C.J. Huff received a text message from his father after he completed an interview on Fox News about how Joplin was planning on moving forward after the tornado.
"Saw you on Fox. So proud of you. Now show them what you can really do."
The text was encouraging, as Huff’s father knew his son would have a plan. Three years later, Huff laughed in front of an audience of educators, parents and students as he explained to them he didn’t have a plan.
Huff grew up on a farm in Southeast Kansas for the first 26 years of his life. He learned early on not to trust the weather and to be ready to improvise when the time came.
“We always had a plan A, plan B and a plan C," Huff said. "We always fought the weather. You just never knew when you woke up in the morning what you would be doing by the end of the day-whether a piece of equipment breaks or some weather comes in unexpectedly.”
He had previous experience with tornadoes, but nothing could have prepared him for what would hit Joplin in May of 2011.
At $2.8 billion in damages, the Joplin tornado became the most costly tornado in U.S. history. It destroyed a third of the city, damaged or destroyed nine schools, and left more than 4,000 students with nowhere to go.
The first thing Huff did after the tornado was strip all his employees of their job titles. He analyzed their strengths and weaknesses and created new job descriptions based on the overall strength of each team member. With Huff at the lead, the team moved forward as a cohesive unit instead of as individual faculty and administration.
Last week, the Columbia Council of PTAs invited Joplin Schools Superintendent C.J. Huff to speak at Rock Bridge High School about teamwork and leadership. He is contacted by various organizations about once a month to speak about his unique experience.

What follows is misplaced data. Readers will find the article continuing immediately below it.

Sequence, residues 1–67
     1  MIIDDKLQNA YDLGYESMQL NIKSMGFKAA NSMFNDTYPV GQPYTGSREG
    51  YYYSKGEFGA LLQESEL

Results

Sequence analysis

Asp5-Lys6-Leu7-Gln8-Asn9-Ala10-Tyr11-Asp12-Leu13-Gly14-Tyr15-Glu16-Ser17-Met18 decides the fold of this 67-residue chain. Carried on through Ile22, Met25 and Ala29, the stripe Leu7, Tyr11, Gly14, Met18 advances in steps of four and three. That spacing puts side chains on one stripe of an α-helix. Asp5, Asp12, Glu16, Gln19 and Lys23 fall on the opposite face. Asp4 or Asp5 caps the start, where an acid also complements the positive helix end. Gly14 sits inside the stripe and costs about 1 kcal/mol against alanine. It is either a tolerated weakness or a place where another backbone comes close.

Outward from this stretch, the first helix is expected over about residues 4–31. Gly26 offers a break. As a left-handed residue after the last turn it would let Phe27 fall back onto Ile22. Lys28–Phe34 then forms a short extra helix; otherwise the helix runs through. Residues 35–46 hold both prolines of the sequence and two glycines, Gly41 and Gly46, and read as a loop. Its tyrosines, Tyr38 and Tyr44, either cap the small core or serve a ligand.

The 2013 Superintendent of the Year made the audience laugh, cry and evaluate the priorities their school currently maintains. He presented a slideshow that included pictures and videos of the devastation that the tornado left behind. He moved from topic to topic within the tragedy, talking calmly about the challenges that he and his community had to overcome.
Then he stopped and took a deep breath.
He tried not to, but eventually Huff began crying as he talked about the children who were injured during the storm. He talked to the audience about making sure their resources put students in the spotlight and allow them to receive proper and necessary care. Then he asked his overarching question of the night.
“And how are the children?”
Huff challenged parents to take their engagement beyond education. He challenged them to ask what they can do to make their community a better place. He explained to parents and teachers how critical the happiness of their students really is.
Then he told his favorite story.
Joplin opened three new schools this year on Jan. 9. A second-grade boy was walking down the halls on the first day of his brand new school when a teacher asked him a question.
“What do you think of the new building” she said, “Does it feel like school?”
He looked at her point blank and said, “No, it feels like happiness.”
Huff says one of the things he enjoys most about working with kids is they bring a whole lot of energy that adults lose over time.
“To see them come bouncing in the doors and be appreciative of the opportunity to be in school (even in the temporary facilities that we had to build) has brought a lot of joy to me…I find a lot of joy in my job watching that happen,” Huff said
Huff won the 2011 People Magazine Heroes Among Us Award for his work following the tornado. He kept his promise to the community as Joplin Schools were ready for the first day of school on Aug. 17.
In hindsight, Huff's father was spot-on. His son had an impressive plan.